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Op-Ed: Strange star WTF 001 — SETI and everyone else is guessing

KIC 8462852 is 1,481 light years from Earth, it’s an F class star, bigger than the Sun, and it’s creating a fuss even at that distance. The usual hardhead skeptics have no idea. With the sort of lucid incoherence we’ve come to expect from extraterrestrial subjects in media, the word is “megastructure.” It doesn’t fit any of the natural phenomena. In September, New Scientist cited a Yale scientist, Tabetha Boyajian, stating the effect was caused by a massive number of comets and dust, (a rational explanation extrapolated from a plausible cause and effect scenario) but the “WTF factor,” caused by the star’s odd signals, hasn’t gone away.
Quite the opposite, in fact. Curiosity has bloomed since then and SETI has now expressed an interest. Dr. Boyajian has also pointed out that her comets theory and related exclusion-based analyses of the blocking issue only dealt with natural phenomena.
The facts aren’t cooperating much with theories so far. Citizen scientists from renowned workhorse site Planet Hunters have described the star as “bizarre.” That’s a real reference point; I worked on the original Galaxy Zoo, and their stuff is incredible. To be called “bizarre” really takes earning. Twenty-two percent of KIC 8462852’s light is blocked, an extraordinary amount for a mature star which has had time to sweep up the dust around it. The usual dimming from dust is 1 percent.
Another view, far less definitive, but very interesting, is that the blocking agent is a “mess of objects.” Jason Wright from Penn State suggests that a swarm of megastructures around a star could relate to energy collecting operations.
WTF 001 doesn’t have any planets. It may or may not have an atypical collection of natural phenomena, but even so, those phenomena have to balance against observed data. What’s there has to equate to blocking 22 percent of the star’s light. That’s a pretty steep range of criteria for any theory.
The obstructive bodies are asymmetrical, and the effects are variable. Alien megastructures, real or imaginary, are likely to relate to some sort of consistent behavior, whether we understand that behavior or not. Repeating patterns, signals or data which don’t fit natural phenomena, you name it; artificial things can always be distinguished from natural things, sooner or later.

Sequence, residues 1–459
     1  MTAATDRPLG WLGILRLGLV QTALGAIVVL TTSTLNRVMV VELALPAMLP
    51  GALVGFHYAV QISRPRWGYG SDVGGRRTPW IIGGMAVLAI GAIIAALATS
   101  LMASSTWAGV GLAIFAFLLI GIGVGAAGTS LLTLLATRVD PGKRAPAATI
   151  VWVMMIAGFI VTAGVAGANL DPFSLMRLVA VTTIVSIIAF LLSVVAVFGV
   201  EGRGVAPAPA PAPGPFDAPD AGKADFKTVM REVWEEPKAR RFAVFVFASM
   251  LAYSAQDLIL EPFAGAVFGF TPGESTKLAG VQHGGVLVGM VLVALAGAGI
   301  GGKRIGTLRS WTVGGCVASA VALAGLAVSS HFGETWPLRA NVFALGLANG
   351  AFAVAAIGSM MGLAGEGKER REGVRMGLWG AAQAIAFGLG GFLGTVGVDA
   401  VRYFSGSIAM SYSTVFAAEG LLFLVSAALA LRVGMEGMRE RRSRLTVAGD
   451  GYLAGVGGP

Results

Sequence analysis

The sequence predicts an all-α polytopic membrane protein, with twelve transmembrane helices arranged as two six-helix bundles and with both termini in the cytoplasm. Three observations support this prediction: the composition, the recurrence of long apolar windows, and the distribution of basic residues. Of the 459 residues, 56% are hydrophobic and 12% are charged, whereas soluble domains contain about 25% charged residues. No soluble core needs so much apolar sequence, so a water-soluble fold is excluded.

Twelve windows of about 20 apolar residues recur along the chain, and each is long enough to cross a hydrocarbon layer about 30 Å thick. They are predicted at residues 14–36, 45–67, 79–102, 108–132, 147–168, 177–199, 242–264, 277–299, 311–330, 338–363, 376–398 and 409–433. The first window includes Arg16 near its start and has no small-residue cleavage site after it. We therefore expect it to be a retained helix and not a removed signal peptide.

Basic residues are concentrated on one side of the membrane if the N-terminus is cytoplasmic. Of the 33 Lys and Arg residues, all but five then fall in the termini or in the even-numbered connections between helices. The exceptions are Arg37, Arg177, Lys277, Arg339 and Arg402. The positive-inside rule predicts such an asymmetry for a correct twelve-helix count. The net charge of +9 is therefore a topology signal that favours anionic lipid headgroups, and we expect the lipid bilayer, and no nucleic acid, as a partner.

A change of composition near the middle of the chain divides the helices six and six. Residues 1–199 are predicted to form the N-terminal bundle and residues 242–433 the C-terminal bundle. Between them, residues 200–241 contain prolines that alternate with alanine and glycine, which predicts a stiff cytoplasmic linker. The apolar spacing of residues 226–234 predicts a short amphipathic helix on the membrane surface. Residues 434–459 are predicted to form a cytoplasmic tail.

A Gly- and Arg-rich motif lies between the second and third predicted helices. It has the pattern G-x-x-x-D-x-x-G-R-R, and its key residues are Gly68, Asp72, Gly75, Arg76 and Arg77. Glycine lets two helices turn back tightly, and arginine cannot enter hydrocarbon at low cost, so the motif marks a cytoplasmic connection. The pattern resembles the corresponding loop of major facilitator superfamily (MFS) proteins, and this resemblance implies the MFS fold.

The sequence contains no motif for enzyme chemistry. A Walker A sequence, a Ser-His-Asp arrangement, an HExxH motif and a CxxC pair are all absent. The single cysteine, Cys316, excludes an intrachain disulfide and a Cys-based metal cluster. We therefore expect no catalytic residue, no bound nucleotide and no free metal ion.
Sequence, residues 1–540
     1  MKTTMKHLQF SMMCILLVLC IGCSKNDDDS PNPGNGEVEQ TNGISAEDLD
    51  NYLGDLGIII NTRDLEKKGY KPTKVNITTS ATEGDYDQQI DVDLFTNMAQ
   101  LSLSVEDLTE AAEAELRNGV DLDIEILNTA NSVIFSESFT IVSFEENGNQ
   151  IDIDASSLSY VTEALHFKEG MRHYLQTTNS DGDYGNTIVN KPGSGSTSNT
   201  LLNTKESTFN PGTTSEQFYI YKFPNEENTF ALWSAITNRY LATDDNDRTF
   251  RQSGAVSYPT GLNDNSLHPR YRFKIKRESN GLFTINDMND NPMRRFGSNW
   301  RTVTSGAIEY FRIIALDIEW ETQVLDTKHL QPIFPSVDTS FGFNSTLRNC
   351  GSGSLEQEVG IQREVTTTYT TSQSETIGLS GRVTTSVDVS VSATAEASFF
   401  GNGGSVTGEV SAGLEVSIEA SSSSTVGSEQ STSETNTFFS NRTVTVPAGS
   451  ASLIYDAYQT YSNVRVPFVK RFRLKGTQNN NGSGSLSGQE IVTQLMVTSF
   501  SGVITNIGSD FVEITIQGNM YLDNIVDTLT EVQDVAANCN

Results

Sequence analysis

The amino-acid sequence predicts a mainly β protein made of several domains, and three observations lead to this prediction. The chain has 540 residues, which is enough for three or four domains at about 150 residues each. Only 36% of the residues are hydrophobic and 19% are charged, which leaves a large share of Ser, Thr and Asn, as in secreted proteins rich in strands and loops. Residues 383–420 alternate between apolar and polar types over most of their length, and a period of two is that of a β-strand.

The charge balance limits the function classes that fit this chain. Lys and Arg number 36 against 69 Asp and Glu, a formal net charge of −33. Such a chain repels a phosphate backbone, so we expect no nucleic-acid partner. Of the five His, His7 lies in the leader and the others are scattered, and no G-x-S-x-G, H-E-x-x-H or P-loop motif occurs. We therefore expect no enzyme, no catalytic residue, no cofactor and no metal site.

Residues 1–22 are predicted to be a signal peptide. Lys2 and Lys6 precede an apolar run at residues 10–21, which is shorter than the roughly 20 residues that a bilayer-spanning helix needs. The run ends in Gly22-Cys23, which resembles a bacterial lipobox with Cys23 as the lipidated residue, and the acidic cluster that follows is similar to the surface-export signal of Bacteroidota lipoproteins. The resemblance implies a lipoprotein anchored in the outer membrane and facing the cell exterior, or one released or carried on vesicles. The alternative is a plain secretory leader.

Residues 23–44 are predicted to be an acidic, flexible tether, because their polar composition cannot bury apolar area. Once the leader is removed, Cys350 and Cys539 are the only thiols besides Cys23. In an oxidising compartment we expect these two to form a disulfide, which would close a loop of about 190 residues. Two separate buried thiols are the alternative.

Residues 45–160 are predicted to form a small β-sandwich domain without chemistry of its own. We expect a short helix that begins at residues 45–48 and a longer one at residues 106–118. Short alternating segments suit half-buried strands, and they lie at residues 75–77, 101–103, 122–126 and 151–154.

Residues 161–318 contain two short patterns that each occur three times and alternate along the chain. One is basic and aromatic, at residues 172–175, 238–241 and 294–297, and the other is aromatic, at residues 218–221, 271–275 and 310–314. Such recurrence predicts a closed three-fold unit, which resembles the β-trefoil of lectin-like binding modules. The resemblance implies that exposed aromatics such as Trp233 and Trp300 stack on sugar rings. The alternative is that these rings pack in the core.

The alien argument
The trouble with imposing Easy Bake behavioral options on aliens we know nothing about is that it’s ridiculous from inception. Would “energy collecting” involve varying orbits, causing asymmetrical results when scanned? Possibly, depending on what’s being collected, by whom, and why. Perhaps multiple forms of energy are being collected, accounting for what would otherwise seem like demographic overkill in collecting from one star?
You could add a dictionary to these questions. This thing could just as easily be a garbage dump as an energy collector. Our “stellar energy collectors” have shrunk in size and risen in efficiency in a few decades. Why do we assume that aliens would be running hot water systems or charging their cars on this scale, in this way? Why not grow food around a planetless star, saving space? Maybe they need a lot of room for courthouses, or jails?
If there’s any group of subjects on or off Earth where anthropomorphizing has absolutely nothing going for it, it’s alien behaviors and technologies. Let’s start with the basics:
What’s consistently not fitting any known spectrum of fits? At the moment, practically everything. Let’s try narrowing it down.
Rather than guessing how many ears a cat from Andromeda may have, how about some spectrographic research on specifics? What’s associated with what?
What, specifically, is missing from the light frequencies? What’s being blocked, and what isn’t?
Bearing in mind that comets can do only so much — what behaves like comets and dust, and is plausible enough to do what this “megastructure” does?
Does the star have an unusual magnetic field? Is it a sort of underdone version of Eta Carinae, causing weird obstructed light and other emissions?
The main reason for science is discovering new things. (If it wasn’t, all science could be done by the plodders.) It’s also the most fun thing about science. Let’s not spoil the fun by pontificating sagely. Let’s go look.

Written By

Editor-at-Large based in Sydney, Australia.

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